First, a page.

When you call yourselves The Minimalists, people love to give you a hard time. They find it necessary to point out every irony, every seeming incongruity, every gotcha moment—everything they think makes our way of living wrong, in an effort unnecessarily justifying their lifestyle.
When our article, “The New Minimalism: Less Is Definitely More,” made the cover of Elle Canada next to a picture of Victoria Beckham, people asked why we would agree to an interview with an organ whose same issue featured an article titled “Shop Now!”
A woman at a recent event last December asked us about a newspaper interview in which we discussed minimalism, even though next to our two-page spread was a Mercedes Benz advertisement.
And now, as we prepare for our June Alberta Mini-Tour, people want to know why our Edmonton event’ll be held at a bookstore that happens to be in one of the world’s largest shopping malls.
The answer to each little cavil is simple…
We believe in our message. So much so that we’ve dedicated our lives to sharing that message with the world. We know that other people believe, too. These people already understand the power of simple living. That’s great, but we don’t need to focus all our efforts to reach those folks. Doing so is tantamount to preaching to the choir.
While we’re jump-for-joy grateful for all attending choir members (y’all’re awesome!), we know they don’t need our message as much as new congregation members, first-timers with whom we want to share the happiness, contentment, and freedom that minimalism has brought to our lives.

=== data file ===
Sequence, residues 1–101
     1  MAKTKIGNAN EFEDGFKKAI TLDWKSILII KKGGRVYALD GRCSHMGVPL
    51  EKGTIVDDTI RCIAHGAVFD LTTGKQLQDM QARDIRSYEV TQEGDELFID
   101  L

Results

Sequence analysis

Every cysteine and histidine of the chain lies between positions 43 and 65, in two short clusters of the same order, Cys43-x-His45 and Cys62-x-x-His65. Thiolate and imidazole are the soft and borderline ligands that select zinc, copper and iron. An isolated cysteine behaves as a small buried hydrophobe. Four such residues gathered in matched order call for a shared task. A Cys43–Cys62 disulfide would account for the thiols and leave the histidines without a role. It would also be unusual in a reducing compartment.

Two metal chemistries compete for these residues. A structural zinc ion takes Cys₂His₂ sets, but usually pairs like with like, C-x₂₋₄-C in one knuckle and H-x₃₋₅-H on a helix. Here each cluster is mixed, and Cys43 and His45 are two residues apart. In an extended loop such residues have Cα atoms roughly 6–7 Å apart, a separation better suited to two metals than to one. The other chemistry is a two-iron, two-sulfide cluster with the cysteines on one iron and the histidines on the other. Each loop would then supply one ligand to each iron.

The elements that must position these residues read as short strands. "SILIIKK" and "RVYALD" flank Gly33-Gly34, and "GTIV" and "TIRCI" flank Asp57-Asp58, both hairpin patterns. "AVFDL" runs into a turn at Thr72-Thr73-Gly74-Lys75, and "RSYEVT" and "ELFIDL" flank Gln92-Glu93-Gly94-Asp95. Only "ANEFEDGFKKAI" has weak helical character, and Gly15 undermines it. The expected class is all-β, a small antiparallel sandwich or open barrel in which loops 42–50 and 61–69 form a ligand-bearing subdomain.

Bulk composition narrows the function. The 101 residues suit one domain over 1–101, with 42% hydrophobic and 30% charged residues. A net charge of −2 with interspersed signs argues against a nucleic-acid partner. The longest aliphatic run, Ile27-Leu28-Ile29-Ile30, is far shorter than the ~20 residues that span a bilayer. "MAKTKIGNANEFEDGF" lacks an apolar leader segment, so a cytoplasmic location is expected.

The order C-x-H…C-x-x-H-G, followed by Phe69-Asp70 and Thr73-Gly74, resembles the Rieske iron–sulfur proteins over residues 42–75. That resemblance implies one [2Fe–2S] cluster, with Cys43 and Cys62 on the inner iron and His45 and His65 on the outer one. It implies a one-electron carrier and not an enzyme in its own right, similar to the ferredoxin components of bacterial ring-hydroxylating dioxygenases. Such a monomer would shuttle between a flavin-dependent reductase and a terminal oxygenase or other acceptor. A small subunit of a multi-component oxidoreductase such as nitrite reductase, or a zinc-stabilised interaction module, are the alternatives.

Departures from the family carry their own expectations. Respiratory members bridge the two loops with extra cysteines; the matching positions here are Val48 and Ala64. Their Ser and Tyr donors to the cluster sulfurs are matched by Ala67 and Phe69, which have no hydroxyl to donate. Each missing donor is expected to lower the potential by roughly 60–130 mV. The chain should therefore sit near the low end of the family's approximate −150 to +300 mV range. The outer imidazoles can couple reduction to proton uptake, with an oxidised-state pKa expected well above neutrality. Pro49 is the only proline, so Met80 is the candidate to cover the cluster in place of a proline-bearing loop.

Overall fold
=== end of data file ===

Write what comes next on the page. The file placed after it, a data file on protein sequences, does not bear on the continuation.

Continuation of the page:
And what better place to broadcast our message than in the belly of the beast? Why not let our message ring out among the masses—amid the shiny chattels, the chinging cash registers, the high-priced advertisements. Why not let people choose their own path once they’re presented two different POVs from two sides of the Consumption Continuum.
Which in fact means we’re not preaching at all. We know that everyone has different needs, and we’re simply presenting options and letting people decide for themselves. Besides, The Minimalists aren’t against ordinary consumption; that’d be silly. We’re at odds only with compulsory consumption and unintentional living.
Accordingly, we’re sometimes forced to take the war to the opposition’s doorstep. That opposition, however, isn’t the magazines or the advertisers or even the shopping malls. The opposition is us—who we are inside when we’re living without purpose, without deliberate thought, searching, unaware of life’s real potential once we get past our years of cultural programming.
Once we wake up, though—once we open our eyes and see the benefits of a more meaningful life—all the ads and glowing rectangles in the world won’t faze us.